Huguenots in Germany
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After the Revocation of the Edict of Nantes in 1685 almost 50,000 French Protestants fled from France to various German States. About 20,000 of them settled in Brandenburg, where Duke Frederick William had granted them special privileges. Hessen, Hessen-Nassau, Franconia, the Palatinate, Braunschweig, and Baden were other preferred areas of settlement. During the early years local residents0 took them into their homes until primitive housing was built.
The Huguenots are generally well-documented and it is often possible to trace them to their French home town. Local church records and histories are very helpful in that regard. The Huguenot Museum in Bad Karlshafen, Germany has some fascinating exhibits. Several picture galleries can be viewed online, including Huguenot trades [Hugenottisches Handwerk].
• Hugenotten (Huguenots) – originally a derogatory term meaning “conspirer” – used as umbrella term for all early French-speaking Protestant groups
• Wallonen (Wallooons) – Protestant inhabitants of the French-speaking Wallonie, a region in today’s Belgium
• Waldenser (Waldensians) - A specific group of early Protestants founded in Southern France in the 12th Century and their descendants
In most areas the French-speaking refugees created closed communities and maintained their culture and language for well over a hundred years. Eventually most merged with local German-speaking Protestant congregations. The early parish registers reflect French record-keeping practices. They are usually written in French until well into the 1800s using the Roman, not German Gothic Script. Women are recorded with their maiden names.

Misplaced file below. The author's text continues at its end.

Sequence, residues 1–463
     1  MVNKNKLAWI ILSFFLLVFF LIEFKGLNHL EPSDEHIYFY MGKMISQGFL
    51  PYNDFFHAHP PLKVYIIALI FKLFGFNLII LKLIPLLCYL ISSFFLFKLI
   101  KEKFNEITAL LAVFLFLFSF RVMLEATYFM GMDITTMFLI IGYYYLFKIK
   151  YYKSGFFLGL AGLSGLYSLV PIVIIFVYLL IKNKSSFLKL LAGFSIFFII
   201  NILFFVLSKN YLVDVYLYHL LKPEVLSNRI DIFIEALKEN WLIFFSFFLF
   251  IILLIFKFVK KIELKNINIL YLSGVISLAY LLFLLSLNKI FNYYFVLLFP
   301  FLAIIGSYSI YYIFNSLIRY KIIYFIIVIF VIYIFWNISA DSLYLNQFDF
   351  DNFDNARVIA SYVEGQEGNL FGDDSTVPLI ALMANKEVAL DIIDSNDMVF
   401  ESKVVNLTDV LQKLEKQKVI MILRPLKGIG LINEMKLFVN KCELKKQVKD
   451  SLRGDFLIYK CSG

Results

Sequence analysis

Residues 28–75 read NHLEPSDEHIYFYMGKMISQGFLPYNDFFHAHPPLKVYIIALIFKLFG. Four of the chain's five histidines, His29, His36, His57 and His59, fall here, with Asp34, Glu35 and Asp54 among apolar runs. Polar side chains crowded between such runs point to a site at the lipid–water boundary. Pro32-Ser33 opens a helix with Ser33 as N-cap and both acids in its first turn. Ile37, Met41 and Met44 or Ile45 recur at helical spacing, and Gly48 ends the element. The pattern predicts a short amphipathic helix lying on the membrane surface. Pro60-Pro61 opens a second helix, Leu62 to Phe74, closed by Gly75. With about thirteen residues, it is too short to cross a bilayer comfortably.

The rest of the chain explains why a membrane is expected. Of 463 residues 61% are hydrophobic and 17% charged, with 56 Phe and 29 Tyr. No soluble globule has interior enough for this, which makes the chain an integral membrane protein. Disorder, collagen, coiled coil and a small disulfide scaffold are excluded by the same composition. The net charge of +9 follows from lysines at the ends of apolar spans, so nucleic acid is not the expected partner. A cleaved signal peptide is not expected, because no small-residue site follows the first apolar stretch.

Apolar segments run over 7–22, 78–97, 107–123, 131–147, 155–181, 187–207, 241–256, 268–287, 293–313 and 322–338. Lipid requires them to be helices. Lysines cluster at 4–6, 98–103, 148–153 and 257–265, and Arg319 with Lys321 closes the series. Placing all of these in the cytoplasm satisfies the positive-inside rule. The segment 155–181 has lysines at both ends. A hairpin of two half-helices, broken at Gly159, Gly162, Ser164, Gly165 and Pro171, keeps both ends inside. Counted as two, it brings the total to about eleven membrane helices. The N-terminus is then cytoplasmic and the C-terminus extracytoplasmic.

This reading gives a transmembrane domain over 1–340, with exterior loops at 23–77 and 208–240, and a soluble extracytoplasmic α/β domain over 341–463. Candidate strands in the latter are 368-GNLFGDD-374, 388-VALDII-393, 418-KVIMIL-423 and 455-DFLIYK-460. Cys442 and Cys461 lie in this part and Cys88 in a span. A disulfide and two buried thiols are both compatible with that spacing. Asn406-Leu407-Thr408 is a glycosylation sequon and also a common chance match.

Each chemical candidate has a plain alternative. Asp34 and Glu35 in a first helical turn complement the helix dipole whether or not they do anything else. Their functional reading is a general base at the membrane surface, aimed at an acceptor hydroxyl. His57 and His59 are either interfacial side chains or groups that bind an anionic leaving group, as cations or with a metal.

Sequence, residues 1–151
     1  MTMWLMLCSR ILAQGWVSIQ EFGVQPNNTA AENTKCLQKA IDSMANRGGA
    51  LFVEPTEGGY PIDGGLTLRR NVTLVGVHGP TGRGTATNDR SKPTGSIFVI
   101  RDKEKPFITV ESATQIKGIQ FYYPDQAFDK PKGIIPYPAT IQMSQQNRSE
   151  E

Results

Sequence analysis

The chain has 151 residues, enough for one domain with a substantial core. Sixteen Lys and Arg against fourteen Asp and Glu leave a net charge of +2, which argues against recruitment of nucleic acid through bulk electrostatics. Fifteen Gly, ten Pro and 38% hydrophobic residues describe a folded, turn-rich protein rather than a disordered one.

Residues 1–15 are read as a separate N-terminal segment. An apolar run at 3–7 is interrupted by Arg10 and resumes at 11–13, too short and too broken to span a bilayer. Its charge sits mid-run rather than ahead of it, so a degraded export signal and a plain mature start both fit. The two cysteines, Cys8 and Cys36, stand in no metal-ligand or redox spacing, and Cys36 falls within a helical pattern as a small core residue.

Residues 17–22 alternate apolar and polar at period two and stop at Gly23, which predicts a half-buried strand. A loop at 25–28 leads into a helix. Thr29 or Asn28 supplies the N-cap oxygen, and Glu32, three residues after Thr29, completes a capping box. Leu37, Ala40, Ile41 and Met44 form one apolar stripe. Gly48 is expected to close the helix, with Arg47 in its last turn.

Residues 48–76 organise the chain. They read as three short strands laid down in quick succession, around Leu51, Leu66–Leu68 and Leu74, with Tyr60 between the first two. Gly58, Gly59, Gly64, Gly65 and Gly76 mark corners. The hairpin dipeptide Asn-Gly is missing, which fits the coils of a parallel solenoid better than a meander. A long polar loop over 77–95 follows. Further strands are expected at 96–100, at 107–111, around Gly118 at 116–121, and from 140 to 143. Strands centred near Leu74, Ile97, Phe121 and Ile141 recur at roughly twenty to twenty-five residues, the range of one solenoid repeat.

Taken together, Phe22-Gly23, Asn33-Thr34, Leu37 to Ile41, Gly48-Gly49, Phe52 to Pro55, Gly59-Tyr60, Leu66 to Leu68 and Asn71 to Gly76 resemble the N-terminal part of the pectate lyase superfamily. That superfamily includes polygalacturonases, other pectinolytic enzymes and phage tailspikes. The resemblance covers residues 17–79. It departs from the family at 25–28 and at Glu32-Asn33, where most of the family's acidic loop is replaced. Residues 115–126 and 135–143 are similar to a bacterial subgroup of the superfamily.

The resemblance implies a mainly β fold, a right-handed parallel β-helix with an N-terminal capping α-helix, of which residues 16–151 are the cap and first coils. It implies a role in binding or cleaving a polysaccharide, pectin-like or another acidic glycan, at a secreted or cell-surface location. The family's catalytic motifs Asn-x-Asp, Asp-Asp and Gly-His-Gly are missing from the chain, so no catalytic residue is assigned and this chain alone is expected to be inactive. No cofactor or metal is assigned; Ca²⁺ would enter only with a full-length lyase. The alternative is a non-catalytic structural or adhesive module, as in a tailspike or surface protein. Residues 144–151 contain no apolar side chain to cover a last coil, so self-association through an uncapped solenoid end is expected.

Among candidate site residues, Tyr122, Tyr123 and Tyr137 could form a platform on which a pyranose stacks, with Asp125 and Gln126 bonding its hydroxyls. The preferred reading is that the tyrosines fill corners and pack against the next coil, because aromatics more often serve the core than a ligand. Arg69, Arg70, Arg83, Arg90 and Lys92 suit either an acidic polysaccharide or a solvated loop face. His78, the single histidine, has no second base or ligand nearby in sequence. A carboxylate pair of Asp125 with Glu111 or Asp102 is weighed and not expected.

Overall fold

The original spelling of French surnames may have been retained unchanged, modified for easier spelling or pronunciation, or translated into German [less common]. Descendants who emigrated to North America during the 19th Century may be thought to have come from Alsace-Lorraine because of their French surnames.
The Huguenot society: “Der Deutsche Hugenottenverein”, founded in 1890, is today called “Deutsche Hugenottengesellschaft”. Publication: earlier: Geschichtsblätter des Deutschen Hugenotten-Vereins [FHL 943 F2gd], followed by Der Deutsche Hugenott [FHL 943 B2dh], now Hugenotten . The Society maintains a genealogical research center and a database to serve its members [see the tab “Genealogie” on the home page]. Summaries of material available in the database are available online. The Society's library has an interactive webpage.These pages are in German.
Numerous histories have been published about Huguenot migration and settlement, including many pertaining to local congregations. These publications can provide helpful historical background for the genealogist and add color to family histories. Many are available at the Family History Library, and some online.